Tacos and Newspapers

There are so many things I've already forgotten about my boys growing up, so I've decided I need to make more of an effort to record these fleeting moments of childhood.

KC turned thirteen last Friday.  Although his birthday didn't create the mythical teenage monster every parent fears, his personality has been gradually changing over the last several months.  He's a bit more willful now and isn't afraid to voice his opinion.  (At least, not with Mom; with Dad, he's still a bit more hesitant.) His willfulness sometimes crosses over into moodiness, but that's mostly directed at his brother, which I think is perfectly normal even if it is annoying beyond belief. 

As an official teenager, his mouth does occasionally get him into trouble, though.  He doesn't always know how to read the nonverbal cues or is unaware of proper social etiquette.  He doesn't always respond to people who approach him with a friendly hello.  He's still learning the ins and outs of "respect your elders", whether you like them or not. 

Interestingly enough, he has come up with a diversionary tactic for those times when he's nearing his limit of discomfort or uncertainty.  Tacos.

Yes, I said tacos.

Actually, that's what he says.  He'll blurt out "tacos" in the middle of a conversation and give a goofy grin to distract the speaker from their point.  It's annoying, but surprisingly effective.  It's also inappropriate and should be used sparingly, but trying to get a thirteen-year-old to understand why is a bit more challenging than you'd think.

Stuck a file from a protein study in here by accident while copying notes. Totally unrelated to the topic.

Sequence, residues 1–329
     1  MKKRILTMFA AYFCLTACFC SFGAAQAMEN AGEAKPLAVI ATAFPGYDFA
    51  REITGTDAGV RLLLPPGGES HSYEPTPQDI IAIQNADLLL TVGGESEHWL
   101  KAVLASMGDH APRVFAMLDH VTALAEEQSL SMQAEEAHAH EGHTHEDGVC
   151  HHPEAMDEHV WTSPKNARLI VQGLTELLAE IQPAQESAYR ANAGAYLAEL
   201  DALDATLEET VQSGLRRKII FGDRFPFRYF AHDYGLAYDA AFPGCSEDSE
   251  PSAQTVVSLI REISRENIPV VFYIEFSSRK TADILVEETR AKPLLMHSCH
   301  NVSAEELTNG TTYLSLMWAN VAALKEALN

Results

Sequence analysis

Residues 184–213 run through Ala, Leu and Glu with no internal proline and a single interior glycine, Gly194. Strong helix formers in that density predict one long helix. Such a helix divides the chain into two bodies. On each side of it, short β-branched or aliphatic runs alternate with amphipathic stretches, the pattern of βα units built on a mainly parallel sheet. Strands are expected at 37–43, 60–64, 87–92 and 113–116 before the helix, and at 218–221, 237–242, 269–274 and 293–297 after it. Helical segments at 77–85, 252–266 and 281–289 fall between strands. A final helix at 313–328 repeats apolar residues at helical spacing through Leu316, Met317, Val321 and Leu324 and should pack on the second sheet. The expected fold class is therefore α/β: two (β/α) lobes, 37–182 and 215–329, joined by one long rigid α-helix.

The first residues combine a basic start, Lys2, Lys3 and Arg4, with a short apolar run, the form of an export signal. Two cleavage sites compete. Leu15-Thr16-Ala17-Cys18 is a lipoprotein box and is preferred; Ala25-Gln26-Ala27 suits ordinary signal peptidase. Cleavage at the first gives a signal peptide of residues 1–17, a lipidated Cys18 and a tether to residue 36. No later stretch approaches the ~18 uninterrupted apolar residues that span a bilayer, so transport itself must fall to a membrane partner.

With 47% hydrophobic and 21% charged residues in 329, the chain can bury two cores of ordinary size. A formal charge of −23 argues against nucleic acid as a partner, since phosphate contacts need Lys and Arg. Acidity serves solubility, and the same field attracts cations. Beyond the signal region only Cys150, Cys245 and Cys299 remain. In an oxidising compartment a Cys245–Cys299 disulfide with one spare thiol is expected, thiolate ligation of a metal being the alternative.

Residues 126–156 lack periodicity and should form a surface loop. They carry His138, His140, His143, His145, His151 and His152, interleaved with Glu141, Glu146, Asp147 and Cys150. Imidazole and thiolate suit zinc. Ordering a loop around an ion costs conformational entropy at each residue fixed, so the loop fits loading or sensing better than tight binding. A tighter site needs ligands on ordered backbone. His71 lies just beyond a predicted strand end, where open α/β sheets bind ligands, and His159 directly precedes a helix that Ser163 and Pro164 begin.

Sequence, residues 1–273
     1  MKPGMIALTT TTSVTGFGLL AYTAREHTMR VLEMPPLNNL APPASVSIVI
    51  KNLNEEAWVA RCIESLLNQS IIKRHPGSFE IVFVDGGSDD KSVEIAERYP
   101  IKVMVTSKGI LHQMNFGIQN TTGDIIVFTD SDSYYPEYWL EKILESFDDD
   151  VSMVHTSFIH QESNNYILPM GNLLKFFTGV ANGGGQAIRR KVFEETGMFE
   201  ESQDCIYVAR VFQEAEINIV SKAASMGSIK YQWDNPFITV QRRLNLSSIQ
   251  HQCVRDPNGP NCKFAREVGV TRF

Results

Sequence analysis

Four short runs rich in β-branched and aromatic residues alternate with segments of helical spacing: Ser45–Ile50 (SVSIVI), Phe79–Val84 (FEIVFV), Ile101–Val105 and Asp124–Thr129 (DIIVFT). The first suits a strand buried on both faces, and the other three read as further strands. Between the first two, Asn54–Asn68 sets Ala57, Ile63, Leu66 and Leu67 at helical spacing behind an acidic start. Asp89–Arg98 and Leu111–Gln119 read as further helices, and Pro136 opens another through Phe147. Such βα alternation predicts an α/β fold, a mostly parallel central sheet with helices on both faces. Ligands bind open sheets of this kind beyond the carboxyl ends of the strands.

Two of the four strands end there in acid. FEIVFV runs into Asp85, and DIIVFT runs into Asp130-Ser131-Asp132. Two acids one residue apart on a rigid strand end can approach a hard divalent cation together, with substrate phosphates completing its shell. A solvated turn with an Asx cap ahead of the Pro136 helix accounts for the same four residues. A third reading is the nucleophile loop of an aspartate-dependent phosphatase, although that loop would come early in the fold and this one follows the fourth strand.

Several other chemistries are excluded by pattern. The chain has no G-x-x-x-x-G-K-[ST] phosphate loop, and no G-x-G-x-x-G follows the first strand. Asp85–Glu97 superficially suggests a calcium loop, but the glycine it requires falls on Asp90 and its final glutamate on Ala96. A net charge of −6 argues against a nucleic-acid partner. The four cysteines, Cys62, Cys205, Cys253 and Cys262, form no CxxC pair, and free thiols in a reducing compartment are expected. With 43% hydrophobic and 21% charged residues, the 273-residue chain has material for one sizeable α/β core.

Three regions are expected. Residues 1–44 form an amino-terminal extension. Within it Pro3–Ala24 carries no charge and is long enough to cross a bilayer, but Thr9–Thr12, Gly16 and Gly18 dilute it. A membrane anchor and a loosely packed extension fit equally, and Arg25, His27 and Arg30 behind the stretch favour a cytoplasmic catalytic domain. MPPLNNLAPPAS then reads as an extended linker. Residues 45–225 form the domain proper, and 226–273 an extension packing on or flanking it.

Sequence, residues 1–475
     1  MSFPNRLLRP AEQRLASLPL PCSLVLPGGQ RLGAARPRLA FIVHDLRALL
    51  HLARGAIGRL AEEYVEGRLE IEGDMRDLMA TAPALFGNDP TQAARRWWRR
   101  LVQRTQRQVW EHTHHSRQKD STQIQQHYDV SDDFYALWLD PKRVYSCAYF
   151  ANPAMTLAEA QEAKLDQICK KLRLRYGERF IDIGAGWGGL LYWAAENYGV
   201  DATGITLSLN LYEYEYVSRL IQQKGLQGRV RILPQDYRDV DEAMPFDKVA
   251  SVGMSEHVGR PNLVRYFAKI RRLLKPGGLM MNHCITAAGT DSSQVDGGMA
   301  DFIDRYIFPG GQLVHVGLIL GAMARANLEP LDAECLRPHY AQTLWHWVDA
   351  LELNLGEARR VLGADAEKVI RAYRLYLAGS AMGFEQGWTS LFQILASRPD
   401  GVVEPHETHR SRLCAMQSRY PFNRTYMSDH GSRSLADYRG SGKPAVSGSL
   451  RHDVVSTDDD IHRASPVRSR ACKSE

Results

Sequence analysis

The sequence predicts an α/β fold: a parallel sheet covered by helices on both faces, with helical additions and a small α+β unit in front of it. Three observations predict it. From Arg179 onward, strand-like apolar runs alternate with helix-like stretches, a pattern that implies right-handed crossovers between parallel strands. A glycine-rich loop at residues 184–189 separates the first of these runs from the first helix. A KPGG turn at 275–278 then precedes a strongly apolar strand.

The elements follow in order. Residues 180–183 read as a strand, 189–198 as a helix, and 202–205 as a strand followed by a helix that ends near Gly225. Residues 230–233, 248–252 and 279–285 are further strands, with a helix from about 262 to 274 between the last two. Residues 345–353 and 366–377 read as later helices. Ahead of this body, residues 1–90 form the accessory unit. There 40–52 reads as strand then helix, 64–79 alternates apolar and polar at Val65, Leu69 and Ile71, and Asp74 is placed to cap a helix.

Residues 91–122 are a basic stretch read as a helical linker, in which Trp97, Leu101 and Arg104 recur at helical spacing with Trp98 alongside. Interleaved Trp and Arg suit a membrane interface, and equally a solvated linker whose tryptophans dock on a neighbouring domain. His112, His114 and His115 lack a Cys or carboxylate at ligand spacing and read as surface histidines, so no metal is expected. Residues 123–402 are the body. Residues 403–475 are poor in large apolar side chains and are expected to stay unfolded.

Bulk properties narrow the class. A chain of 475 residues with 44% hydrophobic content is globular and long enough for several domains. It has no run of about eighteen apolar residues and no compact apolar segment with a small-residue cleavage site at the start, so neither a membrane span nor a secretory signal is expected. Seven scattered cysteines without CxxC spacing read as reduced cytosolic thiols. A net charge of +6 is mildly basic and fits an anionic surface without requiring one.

So, that's KC.

Unlike his brother who opts for silliness, Gage is a bit more serious-minded.  I guess that's why his skewed observations are so memorable.  He isn't trying to be funny, but it's hard not to laugh.

Take for instance, this scenario: 

We're sitting together in my recliner watching television.  The actor - Tom Selleck from Blue Bloods - sits down at the dining room table to have his morning coffee.  In Tom's hands is a newspaper.  Gage turns to me with the most serious expression and asks, "Don't they have a TV?"

I was a bit confused.  "What do you mean?"

"Well, why's he reading that?  Don't they have a TV?"

Oh my.  After I finished laughing, I explained to him that Tom was reading the newspaper in order to catch up on the news.  That, while we only get the newspaper in order to find coupons for grocery shopping, some people actually read their newspapers to find out what's going on in their city or even in the world. 

He didn't look convinced, which made me laugh all the harder. 

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